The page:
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Justice News

Department of Justice
U.S. Attorney’s Office
Middle District of Tennessee

Wednesday, January 18, 2017

Rutherford County, Tennessee Sheriff

Robert F. Arnold, 40, the suspended Sheriff of Rutherford County, pleaded guilty today in United States District Court to federal charges of fraud and corruption, announced Jack Smith, Acting U.S. Attorney for the administration of this case.

“Today, Robert Arnold admitted his guilt and participation in the brazen criminal scheme charged in the indictment brought against him by the grand jury,” said Acting U.S. Attorney Jack Smith.  “His guilty pleas hold him accountable for his criminal conduct and we look forward to the sentencing hearing in this matter. I would like to thank the Tennessee Bureau of Investigation and the FBI for their extraordinary work in investigating this case.  I’d also like to thank District Attorney General Jennings Jones for his assistance and cooperation, as well as the Department of Justice’s Public Integrity Section, who partnered with us on the prosecution of this case. As I have said in the past, the conduct of Arnold is in no way representative of the fine and often heroic work done daily by the law enforcement officers in our district. Finally, let me thank the citizens of Rutherford County for their patience while waiting for justice to be served in this case.”

Arnold was indicted in May 2016 along with his former Chief Administrative Deputy, Joe L. Russell II, 49, and Arnold’s uncle, John Vanderveer, 58, of Marietta, Georgia, for their roles in the formation and operation of JailCigs, LLC.  The indictment alleged that the defendants enriched themselves by selling electronic cigarettes, through JailCigs, LLC, to inmates at the Rutherford County jail, while concealing and misrepresenting Arnold and Russell’s ownership of the business, and paying Arnold commission payments that were in fact owed to Rutherford County.

In the hearing before Chief U.S. District Judge Kevin H. Sharp, Arnold admitted to forming JailCigs with Russell and Vanderveer in 2013; admitted that he used his official position as Sheriff of Rutherford County to benefit JailCigs by allowing its products to come into the Rutherford County jail and be distributed by county employees; admitted to taking steps to disguise his involvement in the company; admitted to misrepresenting the benefits that Rutherford County was supposedly receiving; admitted that he personally received over $66,000 from JailCigs; and admitted that he lied about his income from, and knowledge of, the company when he was confronted by local media in April 2015.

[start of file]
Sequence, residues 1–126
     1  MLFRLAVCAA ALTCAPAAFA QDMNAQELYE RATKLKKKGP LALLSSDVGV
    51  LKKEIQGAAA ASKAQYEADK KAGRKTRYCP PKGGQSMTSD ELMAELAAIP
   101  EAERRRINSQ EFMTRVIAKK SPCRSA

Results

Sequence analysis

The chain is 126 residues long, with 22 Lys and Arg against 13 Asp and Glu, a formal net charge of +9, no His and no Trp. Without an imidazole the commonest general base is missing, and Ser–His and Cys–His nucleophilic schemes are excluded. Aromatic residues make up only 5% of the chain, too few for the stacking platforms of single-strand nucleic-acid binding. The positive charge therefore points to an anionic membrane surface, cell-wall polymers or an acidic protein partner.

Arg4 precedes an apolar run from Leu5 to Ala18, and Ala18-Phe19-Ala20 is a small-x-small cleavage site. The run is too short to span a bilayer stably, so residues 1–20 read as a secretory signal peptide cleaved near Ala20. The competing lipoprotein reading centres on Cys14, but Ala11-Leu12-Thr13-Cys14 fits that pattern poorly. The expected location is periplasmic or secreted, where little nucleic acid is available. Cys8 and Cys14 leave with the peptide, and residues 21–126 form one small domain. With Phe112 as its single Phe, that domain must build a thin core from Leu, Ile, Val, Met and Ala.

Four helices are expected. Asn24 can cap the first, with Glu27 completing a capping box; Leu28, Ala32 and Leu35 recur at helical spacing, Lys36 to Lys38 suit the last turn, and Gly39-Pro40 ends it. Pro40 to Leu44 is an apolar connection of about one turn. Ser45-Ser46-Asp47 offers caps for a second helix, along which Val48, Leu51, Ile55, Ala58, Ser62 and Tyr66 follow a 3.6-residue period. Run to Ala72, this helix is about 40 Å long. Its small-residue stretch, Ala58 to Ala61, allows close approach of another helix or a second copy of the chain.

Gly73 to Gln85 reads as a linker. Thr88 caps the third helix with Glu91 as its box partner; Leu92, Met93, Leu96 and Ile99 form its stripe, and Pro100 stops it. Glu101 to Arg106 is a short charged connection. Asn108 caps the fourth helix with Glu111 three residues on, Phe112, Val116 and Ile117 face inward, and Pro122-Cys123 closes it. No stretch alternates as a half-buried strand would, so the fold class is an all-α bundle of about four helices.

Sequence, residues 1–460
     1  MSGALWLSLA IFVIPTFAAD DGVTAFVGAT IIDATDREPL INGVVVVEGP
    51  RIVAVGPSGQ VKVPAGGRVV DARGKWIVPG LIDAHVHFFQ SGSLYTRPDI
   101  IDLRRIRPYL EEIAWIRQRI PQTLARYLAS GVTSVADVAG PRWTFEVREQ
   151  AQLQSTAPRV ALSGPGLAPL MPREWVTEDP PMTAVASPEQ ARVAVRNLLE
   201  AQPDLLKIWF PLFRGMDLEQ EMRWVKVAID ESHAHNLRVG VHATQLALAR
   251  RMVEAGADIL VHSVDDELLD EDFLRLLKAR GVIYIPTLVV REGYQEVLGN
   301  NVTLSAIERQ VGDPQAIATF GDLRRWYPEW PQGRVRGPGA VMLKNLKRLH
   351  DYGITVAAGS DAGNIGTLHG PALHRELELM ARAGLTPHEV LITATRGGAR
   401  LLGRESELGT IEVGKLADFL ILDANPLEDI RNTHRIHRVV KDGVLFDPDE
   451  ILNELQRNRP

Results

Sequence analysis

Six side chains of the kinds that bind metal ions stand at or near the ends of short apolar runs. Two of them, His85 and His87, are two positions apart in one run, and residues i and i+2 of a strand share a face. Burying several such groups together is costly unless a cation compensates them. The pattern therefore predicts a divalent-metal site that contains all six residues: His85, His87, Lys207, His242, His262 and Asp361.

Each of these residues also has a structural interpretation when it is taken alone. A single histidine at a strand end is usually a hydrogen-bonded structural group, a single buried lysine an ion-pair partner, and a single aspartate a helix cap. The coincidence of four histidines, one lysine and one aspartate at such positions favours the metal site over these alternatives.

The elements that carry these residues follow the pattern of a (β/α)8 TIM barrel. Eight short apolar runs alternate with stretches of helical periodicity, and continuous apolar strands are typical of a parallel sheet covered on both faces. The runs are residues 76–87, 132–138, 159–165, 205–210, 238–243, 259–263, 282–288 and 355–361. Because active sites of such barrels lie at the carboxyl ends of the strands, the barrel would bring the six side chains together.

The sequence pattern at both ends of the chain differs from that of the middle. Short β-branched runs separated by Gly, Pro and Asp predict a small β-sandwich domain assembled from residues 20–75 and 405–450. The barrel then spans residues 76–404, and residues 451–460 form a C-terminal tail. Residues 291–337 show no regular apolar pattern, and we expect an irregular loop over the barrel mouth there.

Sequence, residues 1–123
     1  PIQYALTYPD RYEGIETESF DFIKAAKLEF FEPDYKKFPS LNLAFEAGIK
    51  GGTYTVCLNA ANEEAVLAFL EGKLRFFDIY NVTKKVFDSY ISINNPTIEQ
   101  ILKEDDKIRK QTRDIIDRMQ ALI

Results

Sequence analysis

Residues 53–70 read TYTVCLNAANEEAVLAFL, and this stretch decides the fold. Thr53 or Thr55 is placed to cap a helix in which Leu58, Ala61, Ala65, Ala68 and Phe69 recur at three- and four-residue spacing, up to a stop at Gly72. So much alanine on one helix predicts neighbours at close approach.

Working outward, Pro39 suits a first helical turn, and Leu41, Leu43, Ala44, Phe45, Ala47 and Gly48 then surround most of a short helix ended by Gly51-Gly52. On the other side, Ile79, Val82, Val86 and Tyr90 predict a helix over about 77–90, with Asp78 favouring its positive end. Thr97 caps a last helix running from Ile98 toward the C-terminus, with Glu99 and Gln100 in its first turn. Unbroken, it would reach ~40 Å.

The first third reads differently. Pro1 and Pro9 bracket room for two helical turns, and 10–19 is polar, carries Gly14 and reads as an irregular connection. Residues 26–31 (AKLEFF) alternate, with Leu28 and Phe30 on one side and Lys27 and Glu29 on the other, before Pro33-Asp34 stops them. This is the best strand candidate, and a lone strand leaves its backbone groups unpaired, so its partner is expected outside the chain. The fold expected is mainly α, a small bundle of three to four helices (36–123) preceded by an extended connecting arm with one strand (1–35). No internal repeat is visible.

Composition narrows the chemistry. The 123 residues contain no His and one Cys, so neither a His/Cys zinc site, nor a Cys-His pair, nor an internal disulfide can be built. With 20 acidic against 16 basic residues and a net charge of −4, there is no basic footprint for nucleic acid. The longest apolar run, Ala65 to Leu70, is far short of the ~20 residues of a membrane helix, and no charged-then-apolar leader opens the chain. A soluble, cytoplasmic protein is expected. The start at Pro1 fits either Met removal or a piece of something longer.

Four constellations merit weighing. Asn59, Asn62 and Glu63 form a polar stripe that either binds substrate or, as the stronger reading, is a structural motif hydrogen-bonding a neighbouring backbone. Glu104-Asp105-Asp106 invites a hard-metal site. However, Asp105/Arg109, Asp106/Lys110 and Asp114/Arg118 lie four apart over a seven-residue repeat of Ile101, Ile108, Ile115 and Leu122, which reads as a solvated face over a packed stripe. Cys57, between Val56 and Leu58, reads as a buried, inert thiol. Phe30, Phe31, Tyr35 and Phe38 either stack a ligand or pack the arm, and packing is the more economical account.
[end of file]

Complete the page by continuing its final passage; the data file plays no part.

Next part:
Arnold pleaded guilty to wire fraud, honest services fraud, and extortion under color of official right. Each of the crimes of conviction carries a maximum of up to 20 years in prison.  Under the terms of the plea agreement, Arnold agrees to pay restitution in the amount of $52,500 to Rutherford County. The plea agreement does not contain any agreement between the parties as to what the appropriate sentence should be.  

“This plea is the result of the hard work by the men and women of the FBI and our law enforcement partners,” said Michael T. Gavin, Special Agent in Charge of the Memphis Division of the Federal Bureau of Investigation.   “We all rely on those who hold positions of public trust to execute their duties with integrity and in the best interests of the public.  The FBI will continue to work with its partners to identify and investigate law enforcement officers who violate the law out of personal greed, which harms the reputations of all law enforcement officers, the majority of which are honest, hardworking men and women who serve with honor, integrity, and professionalism.”

“It's always disheartening when an elected official abuses the public's trust, especially someone sworn to uphold the law,” said TBI Director Mark Gwyn. “We are grateful for the cooperation we have with our state and federal partner agencies in pursuing justice in this case and hope today’s plea serves as a reminder to elected officials, of all types, that they are not above the law.” 

Arnold will be sentenced by Chief Judge Sharp on May 8, 2017.
This case was investigated by the Tennessee Bureau of Investigation and the FBI.  Assistant U.S. Attorney Cecil W. VanDevender of the Middle District of Tennessee and Trial Attorney Mark Cipolletti of the Department of Justice’s Public Integrity Section are prosecuting the case.

Public Corruption
Updated January 18, 2017